What’s happening Premier Guitarist? Thanks
for tuning into the first installment of Intense
Guitar for 2008. I’ve been crazy busy lately,
and after not playing for a few days, I need
to hurry and get my chops up to speed
for gigs and sessions. So seeing as though
everyone seemed to enjoy last month’s inter-vallic picking exercises, I thought we’d take
a gander at more exercises I use to get my
chops up to par.
and believe it or not, John Mayer. Seriously.
His latest CD, Continuum, is awesome. Just
check out the tune “Gravity” for a great
example of some very dynamic playing.
With the exception of Mr. Mayer, all the players I’ve mentioned are at times very technical
players but don’t fit into that “shredder”
category, because their playing offers more
than just speed. Remember that technical vir-
driving. However, if you drove slowly at times
so that your passenger could relax and enjoy
the scenery, they’d likely have a much better
ride. Having said that, if that same person
were in a hurry and needed to get somewhere quickly, you might be the one they
call. After all, when listening to music, we’re
all just passengers going for a ride.
but also has some
as well. We’ll also
notes within the
line – something
we haven’t really
touched on, but is
a large part of my
playing. When you
play, it’s extremely
important to have
accents in your
you are tackling
rhythm or lead.
Look at it as though
you are speaking
– you are going
to have different
inflections in your
voice if you are
angry, happy, sad,
nervous, etc. Your
reflect the same.
In our example, the accent marks are indicat-
ed over the notes (resem-
bling a horizontal “v”). This
means with that particular
note you are to strike it
both harder and softer
– the first time through hit
it harder, and the second
time through hit that same
note softer than the other
notes. As always, alternate
beginning with a downstroke and an upstroke.
The note you’ll be accenting will feel completely different with a simple change
of pick direction.
That about does it for
2008’s first installment of
Intense Guitar! If you have
any questions or would like
me to cover something
specific, feel free to contact me at intseguitr@aol.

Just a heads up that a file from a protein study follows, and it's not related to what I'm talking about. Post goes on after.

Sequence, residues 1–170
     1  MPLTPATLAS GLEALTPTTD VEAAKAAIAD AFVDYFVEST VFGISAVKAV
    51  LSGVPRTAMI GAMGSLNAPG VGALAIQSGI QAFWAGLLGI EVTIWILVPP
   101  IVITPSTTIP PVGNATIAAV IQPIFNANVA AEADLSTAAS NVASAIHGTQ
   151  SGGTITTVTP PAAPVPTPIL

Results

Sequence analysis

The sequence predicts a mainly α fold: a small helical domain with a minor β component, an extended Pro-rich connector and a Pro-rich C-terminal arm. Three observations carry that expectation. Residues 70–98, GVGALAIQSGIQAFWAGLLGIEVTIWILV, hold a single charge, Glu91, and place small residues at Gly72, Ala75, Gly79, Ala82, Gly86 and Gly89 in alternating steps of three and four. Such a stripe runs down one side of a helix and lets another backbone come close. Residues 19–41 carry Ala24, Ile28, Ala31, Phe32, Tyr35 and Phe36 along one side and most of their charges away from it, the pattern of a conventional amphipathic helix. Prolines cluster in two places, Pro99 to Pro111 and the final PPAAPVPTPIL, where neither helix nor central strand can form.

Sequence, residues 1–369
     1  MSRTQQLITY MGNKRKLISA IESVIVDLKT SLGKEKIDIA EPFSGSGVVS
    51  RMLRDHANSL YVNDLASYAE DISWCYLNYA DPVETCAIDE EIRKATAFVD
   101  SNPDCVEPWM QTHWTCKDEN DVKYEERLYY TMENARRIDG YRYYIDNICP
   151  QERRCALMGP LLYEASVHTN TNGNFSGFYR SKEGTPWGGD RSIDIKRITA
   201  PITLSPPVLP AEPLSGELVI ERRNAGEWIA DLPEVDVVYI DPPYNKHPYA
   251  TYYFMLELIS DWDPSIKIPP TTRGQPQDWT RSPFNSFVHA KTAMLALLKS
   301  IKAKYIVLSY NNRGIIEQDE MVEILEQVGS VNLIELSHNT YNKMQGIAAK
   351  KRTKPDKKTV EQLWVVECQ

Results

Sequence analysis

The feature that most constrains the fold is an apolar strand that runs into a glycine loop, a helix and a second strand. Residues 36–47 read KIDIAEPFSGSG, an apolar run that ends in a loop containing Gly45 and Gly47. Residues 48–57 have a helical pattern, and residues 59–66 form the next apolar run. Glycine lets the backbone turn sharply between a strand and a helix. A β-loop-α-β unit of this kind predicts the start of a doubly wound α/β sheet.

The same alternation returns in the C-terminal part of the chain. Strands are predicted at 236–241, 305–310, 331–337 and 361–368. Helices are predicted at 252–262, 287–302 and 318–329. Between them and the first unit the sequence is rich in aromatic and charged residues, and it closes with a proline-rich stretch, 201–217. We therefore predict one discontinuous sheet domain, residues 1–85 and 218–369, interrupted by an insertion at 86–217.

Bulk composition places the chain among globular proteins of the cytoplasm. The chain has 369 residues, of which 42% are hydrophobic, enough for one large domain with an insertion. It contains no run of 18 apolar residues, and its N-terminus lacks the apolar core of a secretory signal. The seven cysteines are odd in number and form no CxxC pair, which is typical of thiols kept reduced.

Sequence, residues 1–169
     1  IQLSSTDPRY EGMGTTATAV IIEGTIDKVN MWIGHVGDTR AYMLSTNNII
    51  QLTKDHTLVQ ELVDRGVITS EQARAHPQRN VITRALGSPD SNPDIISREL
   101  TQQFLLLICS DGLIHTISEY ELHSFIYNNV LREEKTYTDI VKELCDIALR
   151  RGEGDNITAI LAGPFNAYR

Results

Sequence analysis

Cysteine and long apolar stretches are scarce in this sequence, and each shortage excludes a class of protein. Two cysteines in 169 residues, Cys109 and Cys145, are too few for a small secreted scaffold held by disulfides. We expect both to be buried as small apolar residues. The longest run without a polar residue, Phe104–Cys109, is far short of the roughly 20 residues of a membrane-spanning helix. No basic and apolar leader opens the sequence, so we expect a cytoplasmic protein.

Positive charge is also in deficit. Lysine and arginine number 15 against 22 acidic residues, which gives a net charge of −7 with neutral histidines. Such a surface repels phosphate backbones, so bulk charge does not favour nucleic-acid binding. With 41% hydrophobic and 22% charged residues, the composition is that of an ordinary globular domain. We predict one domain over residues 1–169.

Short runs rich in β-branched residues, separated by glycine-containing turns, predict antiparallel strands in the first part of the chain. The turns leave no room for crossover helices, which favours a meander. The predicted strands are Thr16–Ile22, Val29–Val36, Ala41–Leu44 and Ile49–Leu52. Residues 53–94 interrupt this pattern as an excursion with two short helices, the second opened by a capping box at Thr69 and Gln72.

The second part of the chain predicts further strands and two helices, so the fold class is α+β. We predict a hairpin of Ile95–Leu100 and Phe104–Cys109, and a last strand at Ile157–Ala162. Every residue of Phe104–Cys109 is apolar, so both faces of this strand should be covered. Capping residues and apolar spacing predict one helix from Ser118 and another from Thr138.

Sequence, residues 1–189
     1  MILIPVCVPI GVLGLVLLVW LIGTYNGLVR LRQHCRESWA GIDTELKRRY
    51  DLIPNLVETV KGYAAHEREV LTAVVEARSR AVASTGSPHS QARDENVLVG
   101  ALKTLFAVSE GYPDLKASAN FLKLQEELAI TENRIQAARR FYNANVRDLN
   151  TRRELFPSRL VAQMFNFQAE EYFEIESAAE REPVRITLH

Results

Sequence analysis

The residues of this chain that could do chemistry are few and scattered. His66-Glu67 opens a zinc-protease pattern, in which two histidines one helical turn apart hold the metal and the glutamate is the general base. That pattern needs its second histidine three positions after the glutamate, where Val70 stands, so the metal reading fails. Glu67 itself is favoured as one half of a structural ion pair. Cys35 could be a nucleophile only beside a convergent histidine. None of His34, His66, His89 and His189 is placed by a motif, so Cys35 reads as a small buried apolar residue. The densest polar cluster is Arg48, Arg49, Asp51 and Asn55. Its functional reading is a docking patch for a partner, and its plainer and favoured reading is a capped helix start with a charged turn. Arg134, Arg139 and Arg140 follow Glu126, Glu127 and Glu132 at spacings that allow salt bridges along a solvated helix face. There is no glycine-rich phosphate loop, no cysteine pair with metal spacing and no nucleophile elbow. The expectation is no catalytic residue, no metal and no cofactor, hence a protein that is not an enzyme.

com or Toshi@ToshiIseda.
com. For those of you on
MySpace, it’s myspace.
com/toshiiseda. We’ll see
you next month here in
Premier Guitar, and as
always, “Who dares wins!”
A wonderful example of this is Steve
Vai. I recently got the Steve’s DVD, Visual
Sound Theories – Live With The Holland
Metropole Orkest and was completely blown
away by his performance of “I’m Becoming.”
Simply astonishing. Steve has always been
a great player and I think one of the things
people often overlook in his playing is his
sense of dynamics and accenting.
Besides Steve Vai, other rock-oriented players who make great use of dynamics and
accents in their playing include Steve Morse,
Andy Timmons, Joe Satriani, Neal Schon,
tuosity also includes the use of accents and
dynamics. In my opinion, technique is only
a means to an end – being able to fluently
express yourself. I hate guitarists that play
as fast as they can in every song and lack
dynamics in their playing. It sounds more like
a machine than music.
Look at it like you’ve got a very, very fast car.
If every time you got into it and drove 120
mph, you’d eventually crash. If not that, then
whomever was a passenger in your vehicle
would in all likelihood get very tired of your
Toshi Iseda is an Alumnus of the prestigeous Berklee
College of Music and the American Conservatory of
Music. He has been featured in Guitar Player, Guitar
World and Guitar/Guitar One magazines, and is a former
instructor at the National Guitar Workshop and former
instructor at the American Institute of Guitar.